Eighty-nine percent of respondents reported treating pediatric patients; patients under the age of 17 made up 12% of chiropractic and 20% of both naturopathic and osteopathic patients.
Activator, Gonstead, Toftness, Chiropractic Biophysics, and Diversified Techniques were utilized with an emphasis on the upper cervical spine (the C1 or C2 vertebral bodies). Approximately two-thirds of both osteopaths and naturopaths disagree or strongly disagree that immunizations are safe compared to one-third of chiropractors. One paper described utilization of cranial technique, 2 papers described a dietary intervention, and 2 papers utilized soft-tissue massage to augment spinal manipulative therapy. Fifteen studies were amenable to the WSR evaluation resulting in a score of 7.06 from a maximum of 11. The immunizations of most concern to the 3 professions included MMR, varicella, influenza, DPTP, and hepatitis. The most common reasons for concern were related to safety, including that vaccines may contain dangerous ingredients, may produce side effects, and may be linked to future problems such as neurological damage.
Conclusion: This systematic review highlights the need for more higher-level research designs in addition to incorporating new methodologies (ie, whole systems research) reflective of the holistic and vitalistic clinical and theoretical framework of chiropractic. The chiropractic care of children with enuresis: a systematic review of the literature utilizing whole systems research evaluation. Significantly more naturopaths advised parents against vaccinations (27%), compared to 10% of chiropractors, and 12% of osteopaths (P=.0002).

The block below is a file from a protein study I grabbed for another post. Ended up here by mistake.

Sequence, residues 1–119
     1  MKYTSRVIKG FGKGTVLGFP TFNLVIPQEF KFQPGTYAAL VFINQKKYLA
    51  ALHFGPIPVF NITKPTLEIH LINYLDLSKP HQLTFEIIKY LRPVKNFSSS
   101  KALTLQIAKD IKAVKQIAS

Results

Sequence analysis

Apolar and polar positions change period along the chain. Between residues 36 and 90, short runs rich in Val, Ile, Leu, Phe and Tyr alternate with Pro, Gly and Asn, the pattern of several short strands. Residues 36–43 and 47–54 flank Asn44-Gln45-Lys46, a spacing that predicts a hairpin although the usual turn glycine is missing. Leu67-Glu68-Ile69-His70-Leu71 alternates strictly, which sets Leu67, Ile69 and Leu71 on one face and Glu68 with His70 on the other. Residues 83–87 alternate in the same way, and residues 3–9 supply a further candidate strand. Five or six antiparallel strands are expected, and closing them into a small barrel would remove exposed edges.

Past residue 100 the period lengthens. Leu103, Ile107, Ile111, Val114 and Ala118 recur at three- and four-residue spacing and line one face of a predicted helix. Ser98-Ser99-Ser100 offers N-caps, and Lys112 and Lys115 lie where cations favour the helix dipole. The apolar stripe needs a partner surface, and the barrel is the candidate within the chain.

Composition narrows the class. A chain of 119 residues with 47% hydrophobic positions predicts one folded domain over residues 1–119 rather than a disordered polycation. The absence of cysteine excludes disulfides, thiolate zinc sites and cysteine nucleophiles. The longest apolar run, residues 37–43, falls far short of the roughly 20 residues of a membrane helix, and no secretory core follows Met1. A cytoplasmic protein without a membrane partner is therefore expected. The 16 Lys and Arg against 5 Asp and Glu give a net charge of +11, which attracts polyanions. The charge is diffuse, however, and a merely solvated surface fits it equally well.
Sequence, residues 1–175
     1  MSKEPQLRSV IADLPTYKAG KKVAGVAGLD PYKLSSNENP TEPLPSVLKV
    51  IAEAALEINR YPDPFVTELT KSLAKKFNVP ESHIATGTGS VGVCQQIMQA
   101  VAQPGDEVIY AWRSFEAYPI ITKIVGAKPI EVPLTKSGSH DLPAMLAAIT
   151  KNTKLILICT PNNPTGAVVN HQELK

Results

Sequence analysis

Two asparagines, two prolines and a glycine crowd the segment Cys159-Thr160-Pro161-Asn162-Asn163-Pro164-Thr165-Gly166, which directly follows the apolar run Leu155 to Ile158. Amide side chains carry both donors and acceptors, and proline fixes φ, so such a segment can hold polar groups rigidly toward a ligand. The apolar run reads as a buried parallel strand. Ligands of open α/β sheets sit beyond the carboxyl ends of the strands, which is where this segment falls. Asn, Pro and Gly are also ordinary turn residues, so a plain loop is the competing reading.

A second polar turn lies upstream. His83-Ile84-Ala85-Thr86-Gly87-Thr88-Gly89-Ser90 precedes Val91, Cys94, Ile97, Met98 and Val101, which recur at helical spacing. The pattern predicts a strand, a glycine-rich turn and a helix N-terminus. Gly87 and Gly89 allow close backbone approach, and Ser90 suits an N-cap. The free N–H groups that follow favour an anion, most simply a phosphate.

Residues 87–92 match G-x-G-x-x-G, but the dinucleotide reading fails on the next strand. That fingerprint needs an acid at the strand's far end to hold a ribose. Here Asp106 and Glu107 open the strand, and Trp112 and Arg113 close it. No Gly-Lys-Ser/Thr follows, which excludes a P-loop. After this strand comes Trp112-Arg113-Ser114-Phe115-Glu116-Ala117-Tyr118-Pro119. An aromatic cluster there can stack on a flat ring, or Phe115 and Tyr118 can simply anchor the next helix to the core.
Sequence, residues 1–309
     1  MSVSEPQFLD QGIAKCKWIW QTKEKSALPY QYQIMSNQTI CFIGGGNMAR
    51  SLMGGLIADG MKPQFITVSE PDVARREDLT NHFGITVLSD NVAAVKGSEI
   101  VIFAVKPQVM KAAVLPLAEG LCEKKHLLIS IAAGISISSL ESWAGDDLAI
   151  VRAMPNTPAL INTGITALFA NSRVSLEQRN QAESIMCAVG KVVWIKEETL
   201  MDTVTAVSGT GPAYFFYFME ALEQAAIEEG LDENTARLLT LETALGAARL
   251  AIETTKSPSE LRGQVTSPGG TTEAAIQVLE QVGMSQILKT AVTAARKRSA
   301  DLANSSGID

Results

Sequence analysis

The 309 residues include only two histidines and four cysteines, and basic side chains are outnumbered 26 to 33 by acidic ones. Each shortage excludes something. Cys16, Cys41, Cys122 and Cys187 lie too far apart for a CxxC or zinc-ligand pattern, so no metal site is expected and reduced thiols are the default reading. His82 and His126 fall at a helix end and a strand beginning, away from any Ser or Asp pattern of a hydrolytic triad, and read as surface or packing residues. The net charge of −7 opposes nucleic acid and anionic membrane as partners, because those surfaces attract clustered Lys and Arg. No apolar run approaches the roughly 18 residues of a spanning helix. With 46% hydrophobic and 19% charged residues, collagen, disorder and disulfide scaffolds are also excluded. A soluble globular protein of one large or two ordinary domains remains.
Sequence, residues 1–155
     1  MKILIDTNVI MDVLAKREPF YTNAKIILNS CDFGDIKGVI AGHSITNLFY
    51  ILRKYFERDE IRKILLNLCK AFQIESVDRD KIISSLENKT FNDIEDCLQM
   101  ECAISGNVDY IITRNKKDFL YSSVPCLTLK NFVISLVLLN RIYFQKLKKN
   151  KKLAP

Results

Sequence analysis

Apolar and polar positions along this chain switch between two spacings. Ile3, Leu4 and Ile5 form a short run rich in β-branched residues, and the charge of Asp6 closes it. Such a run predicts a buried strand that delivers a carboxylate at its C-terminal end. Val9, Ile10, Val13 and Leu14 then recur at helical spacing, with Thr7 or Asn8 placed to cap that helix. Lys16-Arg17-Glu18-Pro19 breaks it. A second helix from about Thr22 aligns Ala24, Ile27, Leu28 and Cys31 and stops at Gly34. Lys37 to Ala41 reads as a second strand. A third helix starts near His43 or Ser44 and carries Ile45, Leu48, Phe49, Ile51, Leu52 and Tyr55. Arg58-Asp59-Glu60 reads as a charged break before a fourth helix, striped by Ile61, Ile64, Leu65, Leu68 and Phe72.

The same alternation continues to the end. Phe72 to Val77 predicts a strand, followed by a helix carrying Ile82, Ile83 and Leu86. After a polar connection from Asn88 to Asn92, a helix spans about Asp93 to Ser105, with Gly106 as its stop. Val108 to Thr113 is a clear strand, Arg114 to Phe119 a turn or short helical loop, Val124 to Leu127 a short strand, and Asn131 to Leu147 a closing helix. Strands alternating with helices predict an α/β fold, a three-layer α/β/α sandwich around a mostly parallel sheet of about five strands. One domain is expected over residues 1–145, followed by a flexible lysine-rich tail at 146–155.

Joel Alcantara, International Chiropractic Pediatric Association, 327 North Middletown Rd, Media, PA 19063. There was no significant difference between groups for those advising parents in favor of vaccinations (15% C, 14% N, 6% O) (P=.1143). Key words were enuresis, nocturnal enuresis, bedwetting as well as related words AND chiropractic. A narrative review of the literature was performed and augmented with an evaluation using WSR evaluation.